Quinn (shaking hands) Ah, Mr Bradform, yes. Of course I remember.

Bradford I thought I’d recognized you. And it’s Bradford, sir.

Quinn So you recognized me. My mother always did say I had the face of angel. Bradford, did you say? Yes, I remember you well. What was that you wrote? “This scandal surely spells the doom of the Catholic church”?

Bradford Well, uh, yes. Something like that.

Quinn In a hurry, are you? Sit down, Mr Bradford. Have a stool.

Bradford (sitting, glancing at his watch) I was to meet someone here for an interview. But he didn’t show.

Quinn Mr Murphy, sir. Three swallows for the gentleman.

Murphy splashes out a generous measure.

Bradford And what brings you here, Father?

Quinn I was commiserating with a brother brother, in a manner of speaking. The minister of St. Mundus’s Episcopal church, may she rest is pieces.

Bradford St. Mundus? Over on 44th? Didn’t I read that they’d turned it into a suite of apartments?

Quinn And so they will. With no possibility of a reprieve. No. This was their last week. After this, they are no more.

Bradford Well—no surprise. No, uh, disrespect, father. You know what I mean.

Quinn As to the fact of the matter, Mr Bradford, I do not know what you mean.

Bradford Hadn’t they lost all their parishioners? It’s not exactly a rare complaint these days, is it? Not cheap to keep a building like that going when no one’s putting envelopes in the Sunday baskets.

Quinn Ah, but it’s why the seats go empty. They needn’t have done.

Bradford Well, Father, no disrespect. But it’s happening all over. I mean, this is just one more example of many. If this trend continues every church will be turned into a boutique or apartment. I’ll tell you, though: I agree that it doesn’t have to be this way.

Quinn Is that so? And what suggestions have you for us?

Bradford It’s not my place, really.

Quinn Your shyness does not become you, sir. Come, we are all men here—are we not Mr Murphy?

Murphy I wouldn’t know, Father. My wife doesn’t let me talk about those things in public.

Murphy tips out more for Bradford; Quinn blocks his glass with his hand.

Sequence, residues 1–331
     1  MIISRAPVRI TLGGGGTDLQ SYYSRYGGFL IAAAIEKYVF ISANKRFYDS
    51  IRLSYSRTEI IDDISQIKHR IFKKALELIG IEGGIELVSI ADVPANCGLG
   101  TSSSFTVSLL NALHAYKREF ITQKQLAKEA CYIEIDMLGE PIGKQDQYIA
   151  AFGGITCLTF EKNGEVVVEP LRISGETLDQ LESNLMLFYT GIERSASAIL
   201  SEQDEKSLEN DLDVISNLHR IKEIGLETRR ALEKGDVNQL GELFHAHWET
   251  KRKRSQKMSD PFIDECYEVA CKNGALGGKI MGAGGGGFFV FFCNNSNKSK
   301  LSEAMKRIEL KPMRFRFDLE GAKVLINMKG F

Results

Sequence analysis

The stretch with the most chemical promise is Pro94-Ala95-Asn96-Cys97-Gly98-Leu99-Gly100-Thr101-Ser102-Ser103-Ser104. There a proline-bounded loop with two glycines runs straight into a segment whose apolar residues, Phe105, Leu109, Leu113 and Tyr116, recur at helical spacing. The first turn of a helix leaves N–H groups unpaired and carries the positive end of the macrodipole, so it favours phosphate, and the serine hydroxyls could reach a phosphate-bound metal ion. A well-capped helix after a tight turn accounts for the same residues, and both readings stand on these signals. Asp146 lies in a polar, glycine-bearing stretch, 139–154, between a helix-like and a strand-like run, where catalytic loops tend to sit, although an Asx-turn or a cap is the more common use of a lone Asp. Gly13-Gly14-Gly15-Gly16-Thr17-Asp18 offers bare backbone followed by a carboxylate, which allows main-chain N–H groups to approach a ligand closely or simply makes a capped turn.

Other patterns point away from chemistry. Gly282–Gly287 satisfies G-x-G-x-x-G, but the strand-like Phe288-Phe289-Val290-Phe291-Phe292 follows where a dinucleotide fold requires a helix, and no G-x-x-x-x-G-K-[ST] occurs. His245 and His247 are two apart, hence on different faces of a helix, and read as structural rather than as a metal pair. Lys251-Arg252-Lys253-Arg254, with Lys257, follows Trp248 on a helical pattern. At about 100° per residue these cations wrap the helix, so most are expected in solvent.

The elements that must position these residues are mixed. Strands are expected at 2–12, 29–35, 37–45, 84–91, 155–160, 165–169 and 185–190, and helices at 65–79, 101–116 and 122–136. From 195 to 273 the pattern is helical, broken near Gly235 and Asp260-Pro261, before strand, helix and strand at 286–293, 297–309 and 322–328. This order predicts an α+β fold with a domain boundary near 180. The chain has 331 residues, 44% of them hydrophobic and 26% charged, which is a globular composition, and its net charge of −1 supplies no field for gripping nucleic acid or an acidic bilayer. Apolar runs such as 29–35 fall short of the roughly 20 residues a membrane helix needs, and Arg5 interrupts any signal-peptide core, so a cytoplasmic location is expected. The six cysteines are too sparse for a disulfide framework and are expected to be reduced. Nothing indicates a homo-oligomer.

Bradford If you wouldn’t be so resistant to change. Take women priests.

Quinn Don’t tempt me with obvious retorts, sir. They aren’t becoming in a man of the cloth.

Bradford And it isn’t just your stance toward choice, which I grant you is a difficult position to overcome. But you don’t have to change it, you see. It’s more a matter of understanding that your own members don’t—and won’t; that’s the key—share the views of hierarchy. You can’t turn back the clock by holding onto the past. Not only choice, but even something as basic as contraception. Everybody uses it, yet you try to ban it.

Quinn Now we are getting somewhere. Let’s don’t stop here; let’s have it all.

Bradford No disrespect, of course.

Quinn Heaven forfend!

Bradford Well, I don’t think you see the contradiction in your stance toward marriage rights. You can’t be for social justice and against equality. People have the right to marry whomever they wish. It’s the same thing with openly gay and lesbian priests. If only you’d—

Quinn —And isn’t that how we first met?

Bradford What’s that?

Quinn Never you mind. Mr Murphy!

Murphy does his deed.

Bradford Sexuality in general is problematic. We have learned so much these last fifty years. We can’t go back to the way it was. I mean we, the public. But not the Church. They speak of sexual matters like ill-informed school boys. That’s what comes of a celibate priesthood! Um…no disrespect intended.

Quinn Of course not.

Bradford And this is all on top of your official stance towards science. Anti-science. It just isn’t on, you see. Science already answers the big questions. Dogmatism is of no use in explaining the big band. Big bag, I mean. Bang! Evolution describes the human condition. People won’t tolerate talk of miracles in the Twenty-First Century. Loaves and fishing, indeed.

Murphy eyes Bradford suspiciously, considers, then pours again, but only a half measure.

Quinn The count is up to twenty-one, is it?

Bradford What’s that?